# If the flux of a vector field $F$ is zero for ANY surface $S$ then is $F$ zero?

If $$\vec F$$ is a vector field defined in a open (contractible) set $$U$$ of $$\Bbb R^3$$ such that $$\int_S\vec F\cdot\hat ndS=0$$ for ANY surface $$S$$ then in particular the last equality holds for the boudray of a ball $$B$$ of radius $$\delta$$ centered at $$x$$ so that by the divergence theorem it must be $$\int_B\text{div}\vec F=0$$ and thus by the main value integral theorem it follows that $$\text{div}\vec F=0$$ so that there exist a vector field $$\vec\Phi$$ whose curl is $$\vec F$$ but unfortunately I do not see if this implies that $$\vec F$$ is zero or equivalentely that $$\vec\Phi$$ is constant. So could some one help me, please?

• Consider $F = a \hat{x} + b \hat{y} + c \hat{z}$ with $a$, $b$ and $c$ constants not depending on location. Jun 28 '21 at 9:26
• @AHusain Sorry, I do not understand your hint: could you explain better, please? Jun 28 '21 at 9:26
• The vector field $\vec F$ does not have to be zero or constant. Jun 28 '21 at 9:37
• @MathLover Could you explain better, please? So the statement is false? Jun 28 '21 at 9:37
• Then $\vec F$ should be zero Jun 28 '21 at 9:50

If it's for any surface $$S$$, then $$F$$ has to be $$0$$, and the things you claim are equivalences aren't actually equivalent. Firstly, you've lost some information because you went from ALL surfaces to only those which are the boundary of something else (so that you can apply the divergence theorem). Next, from $$\text{div}(F)=0$$ it does not follow it has a vector potential defined on all of $$U$$ (Poincare's lemma only gives the local existence of such a vector potential), nor does it follow that $$F=0$$. The answer to your title question is yes

Here's an almost complete outline for proving $$F=0$$. Suppose contrapositively that there is a point $$p\in U$$ where $$F(p)\neq 0$$. Define the unit vector $$\nu(p):=\frac{F(p)}{\|F(p)\|}$$. The mapping $$x\mapsto G(x):=\langle F(x),\nu(p) \rangle$$ is continuous on $$U$$, and $$G(p)=1>0$$. So, by continuity of $$G$$, there is an open neighborhood $$V$$ of $$p$$, contained in $$U$$, such that $$G>\frac{1}{2}$$ on $$V$$. Therefore if we choose the surface $$S$$ to be _______________ then $$\int_SF\cdot n\, dS$$ is ___________. Fill in the blanks yourself.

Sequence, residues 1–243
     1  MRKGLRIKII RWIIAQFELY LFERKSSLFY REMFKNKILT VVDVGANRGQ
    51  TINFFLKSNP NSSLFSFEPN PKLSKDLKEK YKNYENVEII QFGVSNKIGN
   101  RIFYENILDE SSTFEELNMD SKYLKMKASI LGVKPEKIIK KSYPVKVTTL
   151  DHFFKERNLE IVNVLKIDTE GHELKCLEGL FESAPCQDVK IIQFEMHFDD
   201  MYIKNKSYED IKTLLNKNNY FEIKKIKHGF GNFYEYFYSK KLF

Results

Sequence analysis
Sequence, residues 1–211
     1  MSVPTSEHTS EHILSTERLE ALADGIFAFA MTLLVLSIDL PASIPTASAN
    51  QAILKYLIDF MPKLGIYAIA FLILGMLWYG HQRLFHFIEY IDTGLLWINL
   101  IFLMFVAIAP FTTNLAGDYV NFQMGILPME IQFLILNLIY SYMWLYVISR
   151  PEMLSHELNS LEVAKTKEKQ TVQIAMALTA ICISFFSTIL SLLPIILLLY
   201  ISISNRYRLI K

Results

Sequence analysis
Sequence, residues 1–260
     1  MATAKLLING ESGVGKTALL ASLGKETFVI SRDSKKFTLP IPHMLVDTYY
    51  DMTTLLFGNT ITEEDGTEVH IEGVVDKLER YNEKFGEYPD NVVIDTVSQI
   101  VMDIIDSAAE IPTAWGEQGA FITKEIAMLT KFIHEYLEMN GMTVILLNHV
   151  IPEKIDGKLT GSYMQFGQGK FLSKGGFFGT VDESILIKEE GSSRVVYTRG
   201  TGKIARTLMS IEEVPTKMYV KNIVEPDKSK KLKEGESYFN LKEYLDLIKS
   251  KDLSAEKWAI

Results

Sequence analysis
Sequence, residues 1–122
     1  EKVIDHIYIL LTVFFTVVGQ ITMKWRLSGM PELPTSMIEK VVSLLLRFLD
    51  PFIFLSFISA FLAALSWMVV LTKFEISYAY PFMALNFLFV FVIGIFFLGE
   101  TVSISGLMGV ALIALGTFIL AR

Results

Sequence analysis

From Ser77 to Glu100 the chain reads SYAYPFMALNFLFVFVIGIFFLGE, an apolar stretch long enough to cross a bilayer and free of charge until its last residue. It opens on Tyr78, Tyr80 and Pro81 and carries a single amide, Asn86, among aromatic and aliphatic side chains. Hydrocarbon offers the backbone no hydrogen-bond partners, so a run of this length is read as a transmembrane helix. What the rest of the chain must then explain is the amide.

• So if we choose the surface $S$ to be a circle centered at $P$ and contined in the intersection of $V$ and a plane whose normal is $\nu(p)$ then $$\int_S F\cdot\hat n\ge\int_S \frac{1}2=\frac{1}2\cdot\text{Area}(S)\neq0$$ that is impossible, right? Jun 28 '21 at 10:05
• I think you mean "disk" rather than "circle". Jun 28 '21 at 10:08
• @JohnHughes Oh yeah! My bad, sorry. Jun 28 '21 at 10:09
• @AntonioMariaDiMauro I assume you meant "a disk...whose normal is $\nu(p)$..." Then yes, the integral is non-zero and your estimation of the integral is correct. Just a small nitpick about "that is impossible". The way I wrote my answer, it was phrased as a contrapositive proof, not a proof by contradiction. So, saying $\int_SF\cdot n\,dS\neq 0$ already completes the proof. If you want to write it up as a proof by contradiction, that's also fine, but of course your phrasing would have to be slightly different. Jun 28 '21 at 10:09
• @peek-a-boo Okay, thanks too much for your assistance!!! See you soon. Jun 28 '21 at 10:11

If the integral is zero for any surface $$S$$ (e.g., an arbitrarily small disk or rectangle in any orientation), then the claim is true, and @peek-a-boo shows how you might demonstrate that.

If what you meant was "for any closed surface $$S$$" (i.e., surface-without-boundary, like a sphere or a torus), then the claim is false, for an everywhere constant field like $$F(x, y, z) = (1, 0, 0)$$ has the property that its integral over any closed surface is zero.

• Okay, and is correct my commment is the @peek-a-boo's answer? Jun 28 '21 at 10:08